OK, so I'm planning a room. It's a 15x30 basement room. Along the 30 foot length, there are is one HVAC duct on each side running along the ceiling with vents into the living room above. I have the ceiling pretty much figured out except how to deal with these ducts. I have other ventilation plans so I won't be using them. I just can't figure out for the life of me how to insulate them for sound isolation. I can't move or modify them.
Thanks in advance for any suggestions.
i've been using Audacity and other free programs to try and get speech from an audio recording i've legally taken ( my state is a one party record state) from my bedroom. i can make out some of the words but most of it i can`t understand. if anyone here knows where i can get a program to to where i can just hear the words being said i`d appreciate it or if someone here would like to try and get what the people are saying hmu and we`ll see what we can do.
1. What pieces of gear need to be plugged into an isolation transformer?
- Powered Studio Speakers?
- Audio Interface/Converters?
- The Computers?
- Outboard pres, comps, eqs?
- Guitar Amps?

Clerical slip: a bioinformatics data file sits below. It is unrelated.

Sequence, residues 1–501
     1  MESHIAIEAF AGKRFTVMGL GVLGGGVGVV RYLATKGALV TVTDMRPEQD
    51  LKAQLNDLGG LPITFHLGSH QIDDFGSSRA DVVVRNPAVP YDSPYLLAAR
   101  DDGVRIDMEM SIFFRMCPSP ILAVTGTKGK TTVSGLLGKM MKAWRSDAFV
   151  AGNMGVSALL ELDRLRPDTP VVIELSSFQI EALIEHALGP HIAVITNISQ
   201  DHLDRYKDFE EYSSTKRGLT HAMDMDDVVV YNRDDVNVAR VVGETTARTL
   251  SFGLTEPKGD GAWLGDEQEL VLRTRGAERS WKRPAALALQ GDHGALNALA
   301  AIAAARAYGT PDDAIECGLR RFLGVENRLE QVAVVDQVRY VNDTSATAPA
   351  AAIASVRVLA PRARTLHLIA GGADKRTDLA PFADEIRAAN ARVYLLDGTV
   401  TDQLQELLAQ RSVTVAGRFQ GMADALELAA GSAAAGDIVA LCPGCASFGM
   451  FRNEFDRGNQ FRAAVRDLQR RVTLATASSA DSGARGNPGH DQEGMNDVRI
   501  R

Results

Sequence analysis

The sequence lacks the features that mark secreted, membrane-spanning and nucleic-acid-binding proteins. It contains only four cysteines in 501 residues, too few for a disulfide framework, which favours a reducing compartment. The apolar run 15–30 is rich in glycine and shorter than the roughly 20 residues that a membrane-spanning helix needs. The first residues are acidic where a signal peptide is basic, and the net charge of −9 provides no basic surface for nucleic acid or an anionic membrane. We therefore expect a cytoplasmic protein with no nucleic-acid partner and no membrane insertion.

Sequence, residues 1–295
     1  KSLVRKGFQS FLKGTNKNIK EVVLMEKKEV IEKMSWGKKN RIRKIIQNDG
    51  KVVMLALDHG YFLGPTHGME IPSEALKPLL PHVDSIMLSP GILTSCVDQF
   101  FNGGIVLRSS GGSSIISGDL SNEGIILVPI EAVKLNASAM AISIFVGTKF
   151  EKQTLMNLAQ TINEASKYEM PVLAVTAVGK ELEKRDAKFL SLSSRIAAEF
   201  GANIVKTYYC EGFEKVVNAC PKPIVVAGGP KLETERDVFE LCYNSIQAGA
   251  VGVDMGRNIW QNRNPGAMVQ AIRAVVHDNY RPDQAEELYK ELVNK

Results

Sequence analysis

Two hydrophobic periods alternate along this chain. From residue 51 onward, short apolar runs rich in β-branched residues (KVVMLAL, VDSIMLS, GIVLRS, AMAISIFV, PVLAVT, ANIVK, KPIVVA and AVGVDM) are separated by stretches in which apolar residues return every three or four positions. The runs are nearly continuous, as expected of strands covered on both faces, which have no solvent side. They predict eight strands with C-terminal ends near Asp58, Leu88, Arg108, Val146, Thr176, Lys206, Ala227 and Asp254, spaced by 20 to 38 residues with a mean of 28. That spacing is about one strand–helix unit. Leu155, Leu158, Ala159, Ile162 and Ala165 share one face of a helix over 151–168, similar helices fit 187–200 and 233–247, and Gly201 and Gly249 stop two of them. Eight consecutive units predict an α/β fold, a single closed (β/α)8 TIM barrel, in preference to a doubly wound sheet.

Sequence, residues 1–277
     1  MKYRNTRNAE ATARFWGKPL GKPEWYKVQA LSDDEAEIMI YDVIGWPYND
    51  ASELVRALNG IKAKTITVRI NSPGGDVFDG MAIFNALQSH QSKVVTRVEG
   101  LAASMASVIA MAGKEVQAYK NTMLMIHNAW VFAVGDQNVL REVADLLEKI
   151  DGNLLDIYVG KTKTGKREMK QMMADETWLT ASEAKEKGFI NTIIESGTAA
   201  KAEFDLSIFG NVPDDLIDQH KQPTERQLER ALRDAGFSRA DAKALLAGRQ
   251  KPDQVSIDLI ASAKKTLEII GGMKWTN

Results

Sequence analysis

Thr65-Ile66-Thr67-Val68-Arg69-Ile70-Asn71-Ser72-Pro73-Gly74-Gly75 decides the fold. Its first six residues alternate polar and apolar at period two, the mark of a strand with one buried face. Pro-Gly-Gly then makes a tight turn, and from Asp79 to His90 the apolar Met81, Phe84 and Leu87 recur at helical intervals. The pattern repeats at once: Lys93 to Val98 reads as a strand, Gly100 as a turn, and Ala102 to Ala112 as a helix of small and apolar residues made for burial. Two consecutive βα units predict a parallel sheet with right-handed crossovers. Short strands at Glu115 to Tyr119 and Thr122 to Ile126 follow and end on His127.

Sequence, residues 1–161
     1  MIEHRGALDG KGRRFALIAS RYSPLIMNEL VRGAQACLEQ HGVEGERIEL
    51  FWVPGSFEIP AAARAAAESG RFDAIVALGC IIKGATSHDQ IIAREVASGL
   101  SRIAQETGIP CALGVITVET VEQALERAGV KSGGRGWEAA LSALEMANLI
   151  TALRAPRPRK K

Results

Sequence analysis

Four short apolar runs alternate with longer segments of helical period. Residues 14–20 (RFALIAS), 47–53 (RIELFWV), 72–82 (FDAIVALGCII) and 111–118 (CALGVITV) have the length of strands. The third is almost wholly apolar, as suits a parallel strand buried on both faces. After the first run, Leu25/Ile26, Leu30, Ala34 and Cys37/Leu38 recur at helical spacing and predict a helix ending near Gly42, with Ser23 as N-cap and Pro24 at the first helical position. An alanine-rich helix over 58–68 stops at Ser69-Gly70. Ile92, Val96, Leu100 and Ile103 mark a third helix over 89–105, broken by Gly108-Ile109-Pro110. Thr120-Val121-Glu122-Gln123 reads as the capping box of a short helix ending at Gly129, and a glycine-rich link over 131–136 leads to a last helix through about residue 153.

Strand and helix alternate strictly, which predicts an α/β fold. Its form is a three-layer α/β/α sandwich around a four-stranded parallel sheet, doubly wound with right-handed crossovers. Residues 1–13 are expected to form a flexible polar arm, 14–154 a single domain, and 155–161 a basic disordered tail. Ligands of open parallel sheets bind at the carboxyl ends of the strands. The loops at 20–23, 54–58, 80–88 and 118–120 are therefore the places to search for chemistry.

The room has rigid foam insulation around the slab that protrudes into the room. The insulation, framing, and the drywall installed over it take up an additional 6"+ around the room perimeter. It seems the only way not to disturb the insulation is to add parallel framing on the inside, which I'd really like to avoid.
Today I needed to record a double bass for a track in the works, but as I had some spare time I thought I'd go through the mic stock and try mics I'd not usually pick, just to see what happened.
Any builder recommendations in the Eastern Connecticut area who can get it quiet in there? I'm on the fence about doing it myself - if I can avoid construction I'd like to.
My wife and I just moved into our new build house. I am wanting to construct a home studio in the basement that can later be a nice man cave and/or home theater for the next buyers.
I read through Rod Garvais' book, and it seems a little over my head, but there are good points that I could take away from it.